Identification of Novel Regulators in Hematopoiesis: Roles for Gfer in Hematopoietic Stem Cell Proliferation and CaMKK2 in the Restriction of Granulopoiesis
<p>Hematopoiesis is the process in which billions of blood cells are produced on a daily basis, and is vital for sustaining life. This process is tightly regulated by a dynamic balance between hematopoietic stem cell (HSC) self-renewal and differentiation, and maintenance of this balance is of critical importance as dysregulation of HSCs can lead to hematopoietic deficiencies or malignancies such as leukemogenesis. While the signaling mechanisms that regulate HSC homeostasis and function are not well understood, our previous studies have identified a calcium/calmodulin (CaM)-dependent protein kinase, CaMKIV, that is intrinsically required for regulating normal proliferation and survival in HSCs. These findings suggest not only the importance of calcium-initiated pathways including CaMKIV-dependent signaling in hematopoietic cells, but also the potential for other calcium/CaM-dependent effector proteins such as other CaM-kinases to be involved in regulating HSCs and hematopoiesis.</p>
<p>The first major section of this dissertation work presented herein was based on the usage of RNA interference (RNAi) technology to specifically deplete HSCs of growth factor erv1-like (Gfer), a gene whose expression appeared to be absent in CaMKIV null HSCs based on comparative microarray analysis with wild-type HSCs, and seemed a potential target of CaMKIV. We showed that depletion of Gfer in HSCs compromised their in vivo engraftment potential and triggered a hyper-proliferative response that led to their exhaustion. We further assessed Gfer-depleted HSCs by using microscopy techniques and found that these cells possessed significantly reduced levels of the cyclin-dependent kinase inhibitor (CDKI) p27kip1. In contrast, ectopic over-expression of Gfer in HSCs resulted in significantly elevated total and nuclear p27kip1. We next performed immunoprecipitation-immunoblot analyses to determine whether alteration of Gfer levels would affect p27kip1's binding with its inhibitor, the COP9 signalosome subunit jun activation-domain binding protein 1 (Jab1), that would subsequently lead to its ubiquitination, and determined that depletion of Gfer resulted in enhanced binding of p27kip1 to Jab1. Conversely, over-expression of Gfer resulted in its enhanced binding to Jab1 and inhibition of the Jab1-p27kip1 interaction. Furthermore, normalization of p27kip1 in Gfer-KD HSCs rescued their in vitro proliferation deficits. These results provide evidence for a novel Gfer-Jab1-p27kip1 pathway present in HSCs that functions to restrict abnormal proliferation.</p>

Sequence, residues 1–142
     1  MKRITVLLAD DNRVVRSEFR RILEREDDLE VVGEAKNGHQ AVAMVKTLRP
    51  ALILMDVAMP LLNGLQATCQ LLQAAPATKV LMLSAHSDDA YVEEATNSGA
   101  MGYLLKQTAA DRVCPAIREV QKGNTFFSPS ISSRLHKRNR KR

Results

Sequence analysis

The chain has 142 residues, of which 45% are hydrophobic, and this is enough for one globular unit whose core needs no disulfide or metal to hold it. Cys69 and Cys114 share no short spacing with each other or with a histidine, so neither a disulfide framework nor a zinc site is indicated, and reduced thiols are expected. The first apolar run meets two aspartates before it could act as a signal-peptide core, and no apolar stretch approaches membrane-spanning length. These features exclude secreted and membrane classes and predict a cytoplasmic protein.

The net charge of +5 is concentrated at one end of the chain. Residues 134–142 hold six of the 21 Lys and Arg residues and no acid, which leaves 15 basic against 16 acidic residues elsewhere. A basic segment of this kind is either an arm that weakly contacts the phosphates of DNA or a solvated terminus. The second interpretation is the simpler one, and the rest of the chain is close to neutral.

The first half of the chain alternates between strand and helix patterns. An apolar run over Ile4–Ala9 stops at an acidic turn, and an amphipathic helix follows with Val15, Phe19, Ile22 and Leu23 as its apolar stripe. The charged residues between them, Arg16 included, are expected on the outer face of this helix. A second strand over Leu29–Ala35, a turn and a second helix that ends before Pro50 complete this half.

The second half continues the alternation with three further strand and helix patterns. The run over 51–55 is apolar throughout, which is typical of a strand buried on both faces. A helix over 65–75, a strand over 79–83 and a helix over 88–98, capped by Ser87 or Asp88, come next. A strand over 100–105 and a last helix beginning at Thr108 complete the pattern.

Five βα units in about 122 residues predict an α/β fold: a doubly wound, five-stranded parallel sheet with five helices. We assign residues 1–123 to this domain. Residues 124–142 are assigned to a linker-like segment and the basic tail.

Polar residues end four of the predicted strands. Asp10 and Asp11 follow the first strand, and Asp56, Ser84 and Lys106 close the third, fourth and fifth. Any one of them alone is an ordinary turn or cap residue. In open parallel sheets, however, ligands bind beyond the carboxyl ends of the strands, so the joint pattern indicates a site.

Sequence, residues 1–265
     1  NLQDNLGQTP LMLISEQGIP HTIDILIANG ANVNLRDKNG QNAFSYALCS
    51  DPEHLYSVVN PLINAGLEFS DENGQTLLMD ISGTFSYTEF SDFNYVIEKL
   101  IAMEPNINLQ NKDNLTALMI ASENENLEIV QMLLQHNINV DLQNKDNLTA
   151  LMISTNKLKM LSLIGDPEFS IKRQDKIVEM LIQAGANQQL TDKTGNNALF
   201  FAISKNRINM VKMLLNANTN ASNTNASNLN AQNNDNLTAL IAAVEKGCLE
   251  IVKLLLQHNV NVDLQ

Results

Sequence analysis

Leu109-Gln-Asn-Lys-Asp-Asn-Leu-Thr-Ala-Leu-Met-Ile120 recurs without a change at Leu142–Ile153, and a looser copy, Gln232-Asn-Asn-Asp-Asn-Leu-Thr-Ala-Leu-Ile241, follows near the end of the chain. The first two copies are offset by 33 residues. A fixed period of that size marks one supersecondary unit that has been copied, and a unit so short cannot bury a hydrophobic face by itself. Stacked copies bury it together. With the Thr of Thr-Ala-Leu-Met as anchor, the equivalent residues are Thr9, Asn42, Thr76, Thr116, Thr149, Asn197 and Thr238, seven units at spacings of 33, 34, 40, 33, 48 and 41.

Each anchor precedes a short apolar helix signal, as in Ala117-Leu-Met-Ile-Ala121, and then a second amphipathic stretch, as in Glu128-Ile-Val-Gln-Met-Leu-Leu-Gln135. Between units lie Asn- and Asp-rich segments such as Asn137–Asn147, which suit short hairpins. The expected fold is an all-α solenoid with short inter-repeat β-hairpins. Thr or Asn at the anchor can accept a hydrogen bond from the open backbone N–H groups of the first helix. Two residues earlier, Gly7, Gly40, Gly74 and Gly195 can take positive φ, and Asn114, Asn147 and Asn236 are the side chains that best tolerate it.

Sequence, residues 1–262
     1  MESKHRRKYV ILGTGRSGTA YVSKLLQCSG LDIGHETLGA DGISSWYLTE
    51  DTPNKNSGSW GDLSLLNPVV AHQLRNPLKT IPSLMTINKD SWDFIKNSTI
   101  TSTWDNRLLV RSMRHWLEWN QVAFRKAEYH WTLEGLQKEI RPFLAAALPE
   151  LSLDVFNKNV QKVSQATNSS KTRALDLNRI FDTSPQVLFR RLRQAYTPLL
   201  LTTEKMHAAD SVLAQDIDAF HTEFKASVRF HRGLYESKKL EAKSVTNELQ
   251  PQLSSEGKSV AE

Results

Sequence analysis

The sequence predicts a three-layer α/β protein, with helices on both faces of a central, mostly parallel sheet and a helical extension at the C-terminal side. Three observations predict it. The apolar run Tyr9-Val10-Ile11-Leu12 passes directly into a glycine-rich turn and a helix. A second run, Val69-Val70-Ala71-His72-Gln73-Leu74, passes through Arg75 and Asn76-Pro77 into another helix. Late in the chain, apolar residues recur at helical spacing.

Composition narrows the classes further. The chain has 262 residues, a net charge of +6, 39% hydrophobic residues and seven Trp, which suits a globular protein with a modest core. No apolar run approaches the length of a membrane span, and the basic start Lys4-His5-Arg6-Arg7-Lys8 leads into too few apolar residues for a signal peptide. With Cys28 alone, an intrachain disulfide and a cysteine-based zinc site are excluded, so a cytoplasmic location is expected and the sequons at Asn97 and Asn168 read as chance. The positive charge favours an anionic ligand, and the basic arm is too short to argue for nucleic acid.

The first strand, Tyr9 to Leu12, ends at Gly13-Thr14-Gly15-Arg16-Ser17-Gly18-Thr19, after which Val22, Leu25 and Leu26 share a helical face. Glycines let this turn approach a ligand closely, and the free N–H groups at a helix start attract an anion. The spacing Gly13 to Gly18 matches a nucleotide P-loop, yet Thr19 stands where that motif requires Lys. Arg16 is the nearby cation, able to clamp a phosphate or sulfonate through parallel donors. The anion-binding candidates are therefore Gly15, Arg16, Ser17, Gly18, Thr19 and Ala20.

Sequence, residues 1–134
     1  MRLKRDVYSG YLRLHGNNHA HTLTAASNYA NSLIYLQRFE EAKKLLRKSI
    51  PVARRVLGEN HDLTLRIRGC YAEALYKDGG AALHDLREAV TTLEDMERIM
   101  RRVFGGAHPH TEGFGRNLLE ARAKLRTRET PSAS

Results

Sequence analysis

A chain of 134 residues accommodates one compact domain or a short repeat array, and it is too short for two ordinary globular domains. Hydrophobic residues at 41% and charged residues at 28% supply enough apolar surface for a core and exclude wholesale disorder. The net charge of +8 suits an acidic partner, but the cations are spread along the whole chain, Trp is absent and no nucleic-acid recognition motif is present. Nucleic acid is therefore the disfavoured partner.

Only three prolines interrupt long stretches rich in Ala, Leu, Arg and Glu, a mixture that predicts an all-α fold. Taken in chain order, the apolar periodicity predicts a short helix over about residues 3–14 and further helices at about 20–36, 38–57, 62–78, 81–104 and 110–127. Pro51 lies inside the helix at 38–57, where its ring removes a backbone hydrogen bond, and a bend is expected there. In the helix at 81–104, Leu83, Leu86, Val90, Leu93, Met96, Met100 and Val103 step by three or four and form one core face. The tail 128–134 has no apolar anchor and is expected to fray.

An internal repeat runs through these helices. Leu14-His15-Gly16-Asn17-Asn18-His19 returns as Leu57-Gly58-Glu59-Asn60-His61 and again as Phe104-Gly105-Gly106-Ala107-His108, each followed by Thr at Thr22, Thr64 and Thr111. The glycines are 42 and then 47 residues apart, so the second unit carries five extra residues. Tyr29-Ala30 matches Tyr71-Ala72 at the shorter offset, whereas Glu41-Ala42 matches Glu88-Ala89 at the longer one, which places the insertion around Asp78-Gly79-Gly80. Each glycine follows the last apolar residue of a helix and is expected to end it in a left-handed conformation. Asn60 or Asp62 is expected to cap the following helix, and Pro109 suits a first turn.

<p>The second major section of this dissertation work describes our studies of a CaMKIV kinase, CaMKK2, and its role in HSCs and hematopoietic development. These studies were largely based on the usage of mice genetically ablated for the Camkk2 gene in the germline. Herein, we identified a role for CaMKK2 in the restriction of granulocytic fate commitment and differentiation of myeloid progenitor cells. We performed bone marrow transplantation studies and discovered that engraftment by Camkk2-/- donor cells resulted in the increased production of mature granulocytes in the bone marrow and peripheral blood. Similarly, we used fluorescence activated cell sorting (FACS) to determine that Camkk2-/- mice possessed elevated numbers of common myeloid progenitor cells, and exhibited an accelerated granulopoietic phenotype in the bone marrow. Expression of ectopic CaMKK2 in Camkk2-/- common myeloid progenitors was sufficient to rescue aberrant granulocyte differentiation, and when over-expressed in 32Dcl3 cells was also sufficient to impede granulocyte differentiation in a kinase activity-dependent manner. Collectively, our results reveal a novel role for CaMKK2 as an inhibitor of granulocytic fate commitment and differentiation in early myeloid progenitors.</p>
<p>While our original intent was to identify and link a downstream target and upstream kinase to CaMKIV in HSCs, our results ultimately did not suggest that Gfer or CaMKK2 function in the same pathway in HSCs as discussed in the following chapters. Nonetheless, our findings represent a considerable advance in identifying and characterizing the functions of two novel regulators, Gfer and CaMKK2, that are important for HSC proliferation and the commitment and early differentiation steps of granulopoiesis, respectively.</p>
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